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24 May 2015 Thulimbah Ride Report

Posted on May 24, 2015

Ride 20150524 Thulimbah

We planned to meet at Rathdowney around 0845 on the Sunday morning, knowing that Rob & Athol had never seen the granite belt. We would take Mt Lindesay Highway (or is it Road? haha, there is a back-story to that) to Woodenbong then Legume, before stopping at the Maryland River Bridge for some beach riding. Soon, we’d turn on to the scenic Wylie Creek Road through Maryland and on to Thulimbah.

Not another body in sight, only moo-cows, we started the slow climb from 500 to 950 metres above sea level. Arriving at Thulimbah, we did a loop of the Hinze Enduro Loop, then said our goodbyes.

Entering Passchendaele State Forest from the east, we did a few little loops before deciding that food and fuel were in order. Having already seen an abundance of wildlife, I was mindful of the risks at highway speed. That was when a tidings of magpies took off from the shoulder of the road. Having no air traffic control in this area, these magpies were completely unaware of my ground speed, which tripled their take-off speed. One of the individuals, mistakenly, chose the strategy of “outpace the threat.” There was no way to save it, and before I could let up the brakes, I could see an explosion of feathers in the mirror. I ventured back to make sure there was no more suffering and despite the unfortunate circumstance, felt a mild relief that it was all over for that miscalculating magpie.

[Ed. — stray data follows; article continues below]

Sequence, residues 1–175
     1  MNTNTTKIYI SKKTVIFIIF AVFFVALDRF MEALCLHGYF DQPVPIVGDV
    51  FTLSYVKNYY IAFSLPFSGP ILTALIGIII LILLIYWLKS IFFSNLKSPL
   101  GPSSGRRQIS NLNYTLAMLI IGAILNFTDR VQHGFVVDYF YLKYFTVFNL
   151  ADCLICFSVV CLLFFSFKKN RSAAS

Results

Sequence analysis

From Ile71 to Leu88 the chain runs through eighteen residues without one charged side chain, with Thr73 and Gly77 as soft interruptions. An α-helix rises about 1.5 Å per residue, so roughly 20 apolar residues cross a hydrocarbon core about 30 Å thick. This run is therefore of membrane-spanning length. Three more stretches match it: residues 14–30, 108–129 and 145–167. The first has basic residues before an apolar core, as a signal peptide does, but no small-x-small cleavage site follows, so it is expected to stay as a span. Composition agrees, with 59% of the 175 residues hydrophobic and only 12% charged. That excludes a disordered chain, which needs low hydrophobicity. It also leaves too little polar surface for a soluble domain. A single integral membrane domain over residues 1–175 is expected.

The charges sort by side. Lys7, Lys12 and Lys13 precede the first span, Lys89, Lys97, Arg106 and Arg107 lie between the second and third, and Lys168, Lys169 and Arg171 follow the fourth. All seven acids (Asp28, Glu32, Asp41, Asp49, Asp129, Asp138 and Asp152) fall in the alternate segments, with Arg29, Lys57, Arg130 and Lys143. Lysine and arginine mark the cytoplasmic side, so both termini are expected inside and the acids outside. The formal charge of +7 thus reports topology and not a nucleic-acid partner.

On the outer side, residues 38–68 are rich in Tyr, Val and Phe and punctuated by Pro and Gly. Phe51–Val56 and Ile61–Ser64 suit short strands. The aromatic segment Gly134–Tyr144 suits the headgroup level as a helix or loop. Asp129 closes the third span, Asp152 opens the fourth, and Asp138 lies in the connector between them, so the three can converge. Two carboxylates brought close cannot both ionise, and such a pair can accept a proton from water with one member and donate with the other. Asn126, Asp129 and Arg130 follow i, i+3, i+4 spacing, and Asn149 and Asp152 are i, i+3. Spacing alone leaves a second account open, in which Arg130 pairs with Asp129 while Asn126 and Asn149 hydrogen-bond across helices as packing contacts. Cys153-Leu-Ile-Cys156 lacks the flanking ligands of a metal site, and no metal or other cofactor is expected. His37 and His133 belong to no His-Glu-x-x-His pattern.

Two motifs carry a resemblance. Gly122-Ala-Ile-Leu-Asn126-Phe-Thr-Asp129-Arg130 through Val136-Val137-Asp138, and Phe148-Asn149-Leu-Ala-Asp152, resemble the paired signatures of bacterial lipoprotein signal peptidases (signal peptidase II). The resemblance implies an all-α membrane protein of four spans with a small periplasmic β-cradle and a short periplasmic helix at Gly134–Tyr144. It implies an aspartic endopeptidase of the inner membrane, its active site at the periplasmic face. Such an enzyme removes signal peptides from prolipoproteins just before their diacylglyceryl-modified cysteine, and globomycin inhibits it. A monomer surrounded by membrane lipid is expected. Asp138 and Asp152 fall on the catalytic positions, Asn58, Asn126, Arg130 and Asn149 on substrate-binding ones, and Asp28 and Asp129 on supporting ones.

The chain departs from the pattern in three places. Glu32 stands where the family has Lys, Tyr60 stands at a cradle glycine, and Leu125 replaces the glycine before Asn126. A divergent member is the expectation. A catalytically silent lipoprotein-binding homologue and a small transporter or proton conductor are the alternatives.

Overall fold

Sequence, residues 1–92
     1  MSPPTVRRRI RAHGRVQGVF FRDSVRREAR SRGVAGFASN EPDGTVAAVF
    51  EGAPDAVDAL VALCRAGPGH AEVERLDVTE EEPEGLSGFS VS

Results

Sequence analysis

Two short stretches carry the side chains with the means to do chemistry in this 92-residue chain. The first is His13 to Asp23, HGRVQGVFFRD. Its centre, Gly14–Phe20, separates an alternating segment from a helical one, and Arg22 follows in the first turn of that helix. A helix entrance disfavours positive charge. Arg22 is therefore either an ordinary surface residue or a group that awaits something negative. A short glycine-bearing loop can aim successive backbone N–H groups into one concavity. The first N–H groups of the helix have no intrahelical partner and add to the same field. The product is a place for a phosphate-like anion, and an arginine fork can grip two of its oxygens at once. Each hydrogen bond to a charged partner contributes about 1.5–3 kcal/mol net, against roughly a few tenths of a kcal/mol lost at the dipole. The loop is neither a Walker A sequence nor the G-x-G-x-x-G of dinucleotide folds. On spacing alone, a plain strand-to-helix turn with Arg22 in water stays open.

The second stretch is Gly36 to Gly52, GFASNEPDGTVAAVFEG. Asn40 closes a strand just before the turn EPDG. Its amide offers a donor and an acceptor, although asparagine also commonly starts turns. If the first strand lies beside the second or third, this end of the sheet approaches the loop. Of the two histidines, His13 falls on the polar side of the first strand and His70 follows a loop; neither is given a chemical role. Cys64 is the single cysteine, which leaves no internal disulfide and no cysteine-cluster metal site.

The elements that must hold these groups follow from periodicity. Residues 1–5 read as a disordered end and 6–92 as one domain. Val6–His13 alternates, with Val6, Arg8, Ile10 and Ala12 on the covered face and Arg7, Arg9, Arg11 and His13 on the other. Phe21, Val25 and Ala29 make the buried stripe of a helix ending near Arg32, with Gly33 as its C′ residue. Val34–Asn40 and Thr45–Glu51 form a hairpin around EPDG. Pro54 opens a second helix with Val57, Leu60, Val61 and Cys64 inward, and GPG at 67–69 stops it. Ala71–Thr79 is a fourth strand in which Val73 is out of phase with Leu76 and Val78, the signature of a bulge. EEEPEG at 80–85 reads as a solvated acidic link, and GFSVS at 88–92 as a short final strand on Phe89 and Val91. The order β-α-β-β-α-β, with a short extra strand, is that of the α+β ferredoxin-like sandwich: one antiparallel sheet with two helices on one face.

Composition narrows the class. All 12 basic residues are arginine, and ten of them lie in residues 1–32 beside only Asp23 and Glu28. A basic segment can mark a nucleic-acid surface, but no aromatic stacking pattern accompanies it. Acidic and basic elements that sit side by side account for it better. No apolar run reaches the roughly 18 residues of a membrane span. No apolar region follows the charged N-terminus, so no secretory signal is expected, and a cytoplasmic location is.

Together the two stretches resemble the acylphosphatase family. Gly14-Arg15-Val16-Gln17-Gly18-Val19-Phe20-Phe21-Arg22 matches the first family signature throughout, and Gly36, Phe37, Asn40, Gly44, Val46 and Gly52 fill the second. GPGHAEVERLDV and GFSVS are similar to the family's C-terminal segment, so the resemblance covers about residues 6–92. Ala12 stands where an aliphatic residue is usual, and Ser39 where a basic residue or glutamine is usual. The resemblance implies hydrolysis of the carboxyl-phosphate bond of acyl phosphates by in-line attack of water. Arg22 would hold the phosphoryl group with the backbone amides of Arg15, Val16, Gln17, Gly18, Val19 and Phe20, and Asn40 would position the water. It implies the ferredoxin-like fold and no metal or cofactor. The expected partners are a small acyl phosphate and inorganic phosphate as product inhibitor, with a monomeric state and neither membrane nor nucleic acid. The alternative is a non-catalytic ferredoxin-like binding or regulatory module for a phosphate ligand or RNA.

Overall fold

We fueled and ate at Stanthorpe, while planning the next leg. Another journey into Passchendaele was all too tempting. Aiming for Swiper’s Gully, and not knowing if the rabbit fence would prevent access, I came upon some familiar track landmarks where I reassured myself that this was the way in.